Ben cuts her off with a look and a tart reply, something along the lines of, “Can I have the book now?

This was NOT a positive start to this reel librarian character. In fact, my own initial reaction — for real! — was this:  “Judge-y bitch.”

Ben then flips through the book, which also gets a second of screen time in the third released trailer for the film, at the 1:10 minute mark:

Library archives

Then Ben has his own scary sighting with Pennywise. He sees an egg on the floor in a back room, and he walks down stairs to enter what looks to be the archives basement, filled with bookcases and archival boxes. Of course, it’s a trap, and he tries to escape a headless ghost, a figure from the book he was just flipping through. This figure then turns into Pennywise, but his nightmare run stops short when he runs into the reel librarian again, who demands to know why he’s running in the library.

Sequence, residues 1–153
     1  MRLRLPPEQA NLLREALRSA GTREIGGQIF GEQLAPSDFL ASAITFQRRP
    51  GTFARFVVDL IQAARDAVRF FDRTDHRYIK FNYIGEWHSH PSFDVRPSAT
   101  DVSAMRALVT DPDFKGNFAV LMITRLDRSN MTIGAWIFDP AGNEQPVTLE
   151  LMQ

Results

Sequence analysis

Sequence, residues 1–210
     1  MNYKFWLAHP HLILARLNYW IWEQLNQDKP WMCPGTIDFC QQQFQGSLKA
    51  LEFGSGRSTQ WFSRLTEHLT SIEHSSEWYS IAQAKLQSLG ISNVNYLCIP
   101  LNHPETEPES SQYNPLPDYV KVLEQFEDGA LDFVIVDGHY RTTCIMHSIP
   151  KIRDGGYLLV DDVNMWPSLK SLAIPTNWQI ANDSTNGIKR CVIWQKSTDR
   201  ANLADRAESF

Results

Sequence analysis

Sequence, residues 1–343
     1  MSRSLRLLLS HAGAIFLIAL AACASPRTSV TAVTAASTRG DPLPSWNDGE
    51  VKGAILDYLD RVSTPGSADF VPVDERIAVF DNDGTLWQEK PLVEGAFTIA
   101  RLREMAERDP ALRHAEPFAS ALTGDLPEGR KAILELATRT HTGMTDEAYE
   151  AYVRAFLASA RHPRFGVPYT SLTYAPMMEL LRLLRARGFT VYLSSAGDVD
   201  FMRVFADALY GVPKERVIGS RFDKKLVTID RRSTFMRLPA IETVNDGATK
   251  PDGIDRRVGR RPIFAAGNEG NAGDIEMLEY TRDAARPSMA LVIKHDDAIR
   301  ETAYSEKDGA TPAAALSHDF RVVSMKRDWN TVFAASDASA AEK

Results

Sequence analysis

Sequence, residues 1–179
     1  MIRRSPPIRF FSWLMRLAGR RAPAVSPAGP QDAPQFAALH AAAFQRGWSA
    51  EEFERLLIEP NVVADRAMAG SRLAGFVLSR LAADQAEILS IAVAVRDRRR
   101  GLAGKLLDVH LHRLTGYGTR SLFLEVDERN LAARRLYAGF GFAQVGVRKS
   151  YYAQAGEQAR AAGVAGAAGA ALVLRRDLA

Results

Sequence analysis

By the way, this reel librarian role seems to be uncredited in the film’s cast list — unless it’s the “Old Woman” character played by Martha Gibson.

The actor who planned Ben, Jeremy Ray Taylor, posted this pic on his Instagram, a photo featuring the storyboard of this library action scene:

The importance of research

We then see more of Ben’s research into Derry, which he shows to the Losers Club members when they visit his bedroom. He has tacked up photos and maps of Derry all over his walls, along with articles about major killings throughout the years. He’s the one who figures out that the murders occur every 27 years.

It is this research that propels the plot forward, and provides a common thread that connects all the experiences and Pennywise nightmares that the teens have been having. Ben grounds the Losers’ Club and gives shape and purpose to their group.

Role changes from the book to the film